‘We speak their names’

Murdered loved ones commemorated at Kennedy Park


“And just 2 minutes ago, she had no idea that a fight broke out from afar

1 minute later, someone she didn’t know was reaching for a gun inside their car

With an intent to pull a trigger, making her the unintentional victim of another senseless crime”

— From “3, 2, 1,” by Jamie Peeler, of Freeport, who lost a young relative to gun violence

The sudden death of a loved one is surely most traumatic when the loss results from a murder.

At a ceremony for the National Day of Remembrance for Murder Victims in Hempstead’s Kennedy Park auditorium on Friday, relatives of murder victims shared both their profound grief and their determined pathways to healing.

The evening was hosted by Stephanie Draine. Her teenage son, Andre Graydon, was gunned down in Hempstead on Jan. 1, 2014.

At that time, resources to support Draine and her husband, George Graydon, Jr., were few.

“There wasn’t an office of victim services back then,” said Draine. “There was nothing.”

In 2018, the couple founded Life after Loss Andre, an outreach to families of murder victims. Draine attended funerals to let bereaved relatives know they were not alone, and advocated for governmental help.

In 2020, Draine met Jeanine Diehl at a victim’s funeral. Diehl had recently become the executive director of the Nassau County Office of Crime Victims Advocate, formed in 2019 under former County Executive Laura Curran.

Since then, the two women have teamed up to expand their outreach. Diehl and the staff of the Office of Crime Victim Advocate at 1 West St. in Mineola, and Draine’s Life after Andre office at 40 Main St. in Hempstead, both respond to call after call, steadying the callers to survive the worst of events.

“What today reminds us is that we don’t remember in isolation,” said Diehl at Friday’s ceremony, “that we don't remember in silence, we remember together.”

“Take a deep breath. Know that you’re not alone,” said Draine. “This is our opportunity to honor and celebrate our loved ones, who live on through us.”

Family members of victims came to the podium, one by one, a communal sharing.

Jamie Peeler read “3, 2, 1,” a poem he had written for all victims after his nephew, Lyreek Crawley, was shot by his best friend in 2014.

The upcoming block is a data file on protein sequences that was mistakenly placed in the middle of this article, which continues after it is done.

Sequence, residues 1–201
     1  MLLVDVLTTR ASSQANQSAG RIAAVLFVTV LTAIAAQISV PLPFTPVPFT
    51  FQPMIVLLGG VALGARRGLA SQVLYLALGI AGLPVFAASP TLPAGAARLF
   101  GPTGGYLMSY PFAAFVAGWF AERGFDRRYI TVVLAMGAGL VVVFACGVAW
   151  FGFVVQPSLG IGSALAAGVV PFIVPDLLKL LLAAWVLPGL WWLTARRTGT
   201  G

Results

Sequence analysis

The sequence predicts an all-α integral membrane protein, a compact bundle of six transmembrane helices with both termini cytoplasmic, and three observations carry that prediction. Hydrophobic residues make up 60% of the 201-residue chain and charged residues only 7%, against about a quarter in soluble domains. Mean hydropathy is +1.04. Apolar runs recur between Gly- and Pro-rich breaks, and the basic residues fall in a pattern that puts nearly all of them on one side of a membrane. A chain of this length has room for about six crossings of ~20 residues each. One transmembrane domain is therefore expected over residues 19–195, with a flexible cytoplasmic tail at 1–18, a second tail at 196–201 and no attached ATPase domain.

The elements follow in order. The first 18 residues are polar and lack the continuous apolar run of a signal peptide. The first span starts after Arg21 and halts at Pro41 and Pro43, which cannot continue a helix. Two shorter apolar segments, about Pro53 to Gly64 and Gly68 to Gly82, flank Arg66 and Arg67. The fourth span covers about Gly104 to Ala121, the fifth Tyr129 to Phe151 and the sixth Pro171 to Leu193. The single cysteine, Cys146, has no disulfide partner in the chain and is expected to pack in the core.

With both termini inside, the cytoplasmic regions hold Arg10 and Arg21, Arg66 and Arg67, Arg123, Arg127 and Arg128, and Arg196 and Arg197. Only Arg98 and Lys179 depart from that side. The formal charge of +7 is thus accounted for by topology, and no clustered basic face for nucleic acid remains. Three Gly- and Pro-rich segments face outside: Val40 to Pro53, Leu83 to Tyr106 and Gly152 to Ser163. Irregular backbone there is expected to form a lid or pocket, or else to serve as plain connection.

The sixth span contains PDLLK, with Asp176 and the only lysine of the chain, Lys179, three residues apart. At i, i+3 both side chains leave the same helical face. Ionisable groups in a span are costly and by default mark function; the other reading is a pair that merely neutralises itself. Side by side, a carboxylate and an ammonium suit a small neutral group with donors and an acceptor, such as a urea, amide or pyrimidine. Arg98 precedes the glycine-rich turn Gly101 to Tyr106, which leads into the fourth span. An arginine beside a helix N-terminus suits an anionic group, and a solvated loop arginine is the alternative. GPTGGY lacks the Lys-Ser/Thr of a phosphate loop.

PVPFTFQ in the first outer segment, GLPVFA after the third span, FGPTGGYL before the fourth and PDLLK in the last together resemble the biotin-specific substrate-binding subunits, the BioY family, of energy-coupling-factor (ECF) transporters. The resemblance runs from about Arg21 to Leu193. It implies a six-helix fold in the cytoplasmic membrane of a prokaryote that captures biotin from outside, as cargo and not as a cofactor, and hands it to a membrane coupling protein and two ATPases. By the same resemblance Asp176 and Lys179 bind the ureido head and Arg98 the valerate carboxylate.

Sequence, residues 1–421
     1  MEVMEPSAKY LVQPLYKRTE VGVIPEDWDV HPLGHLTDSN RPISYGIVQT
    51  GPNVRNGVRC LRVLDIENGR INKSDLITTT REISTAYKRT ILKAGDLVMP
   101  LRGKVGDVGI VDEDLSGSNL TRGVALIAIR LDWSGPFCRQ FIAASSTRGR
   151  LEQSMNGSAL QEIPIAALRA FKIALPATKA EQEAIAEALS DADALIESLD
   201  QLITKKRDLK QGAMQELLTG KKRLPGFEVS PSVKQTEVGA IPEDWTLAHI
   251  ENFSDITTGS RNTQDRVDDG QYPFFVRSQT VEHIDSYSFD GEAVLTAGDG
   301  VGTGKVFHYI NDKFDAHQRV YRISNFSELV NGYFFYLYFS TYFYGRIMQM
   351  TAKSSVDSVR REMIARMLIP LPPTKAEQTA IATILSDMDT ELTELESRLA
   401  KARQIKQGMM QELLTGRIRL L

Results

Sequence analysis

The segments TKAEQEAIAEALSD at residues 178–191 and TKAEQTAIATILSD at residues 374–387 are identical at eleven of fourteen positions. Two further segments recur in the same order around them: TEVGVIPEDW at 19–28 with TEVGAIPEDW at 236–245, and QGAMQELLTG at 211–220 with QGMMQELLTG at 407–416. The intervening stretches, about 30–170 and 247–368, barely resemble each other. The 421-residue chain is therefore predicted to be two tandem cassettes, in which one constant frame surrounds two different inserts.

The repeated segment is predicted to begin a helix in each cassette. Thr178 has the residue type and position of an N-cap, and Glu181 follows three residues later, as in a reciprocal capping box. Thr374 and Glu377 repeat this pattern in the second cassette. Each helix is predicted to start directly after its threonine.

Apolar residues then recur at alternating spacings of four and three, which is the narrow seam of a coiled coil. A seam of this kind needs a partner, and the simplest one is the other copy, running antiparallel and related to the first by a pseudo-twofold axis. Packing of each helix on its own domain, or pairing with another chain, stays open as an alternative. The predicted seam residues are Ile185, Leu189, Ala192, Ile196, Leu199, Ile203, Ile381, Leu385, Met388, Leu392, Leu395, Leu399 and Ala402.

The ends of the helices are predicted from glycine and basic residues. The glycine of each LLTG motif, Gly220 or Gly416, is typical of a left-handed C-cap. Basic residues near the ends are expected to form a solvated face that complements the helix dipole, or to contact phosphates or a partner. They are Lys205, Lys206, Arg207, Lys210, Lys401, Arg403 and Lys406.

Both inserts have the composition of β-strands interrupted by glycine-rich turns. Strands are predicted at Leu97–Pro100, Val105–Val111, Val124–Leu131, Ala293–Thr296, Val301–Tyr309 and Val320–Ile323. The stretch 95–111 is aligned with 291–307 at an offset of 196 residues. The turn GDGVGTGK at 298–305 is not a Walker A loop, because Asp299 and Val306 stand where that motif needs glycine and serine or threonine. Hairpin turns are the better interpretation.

Carolina Jimenez’s husband Will was killed last year at age 32, leaving behind two small daughters. “My eight-year-old remembers him,” said Jimenez, “but not my two-year-old. She will never know the amazing man he was.”

Peggy Herrera’s son Justin Baerga died on July 4, 2022, one minute before she arrived to help celebrate his 24th birthday. As Mother’s Day 2023 approached, she, too, wrote a poem.

“‘Mom! Mom!’ Oh, how we wish we could hear that again,” wrote Herrera. “We're screaming, but you can't hear us. We're crying, but there's no comfort.”

Several more spoke, including Valerie McFadden, a longtime teacher’s aide at Uniondale High School, who for 23 years has posted photo montages on social media to comfort the families of young victims, some of whom she personally has known.

Officials who attended offered resources for help.

“I want you to know tonight that the county is doing everything that they can to provide support, counseling, grief care, and police presence,” said Anissa Moore, Deputy County Executive for Health and Human Services. “We’re taking this seriously.”

“Just know that the village, myself, are here for you,” said Hempstead Village Trustee Kevin Boone.

“Education is key,” said Assemblywoman Taylor Darling, noting the supportive presence of Moms Demand Action, a grassroots organization dedicated to preventing gun violence. “I’m proud of what we’ve been able to work on in the state legislature since I entered the Assembly in 2019, but it’s not enough.”

Draine and five loved ones of murder victims solemnly lit six large white candles on a table at the front of the auditorium, representing grief, courage, memories, love, hope, and advocacy.

“Today and every day forth, we speak their name,” said Draine.

McFadden concluded the ceremony by reading out more than 200 names, while the auditorium lights dimmed and attendees somberly held small electric candles aloft.

The healing effect of communal grieving was apparent afterward. Even as the families commiserated with each other, laughter returned to their voices, and the joy of remembering their absent loved ones came stealing back.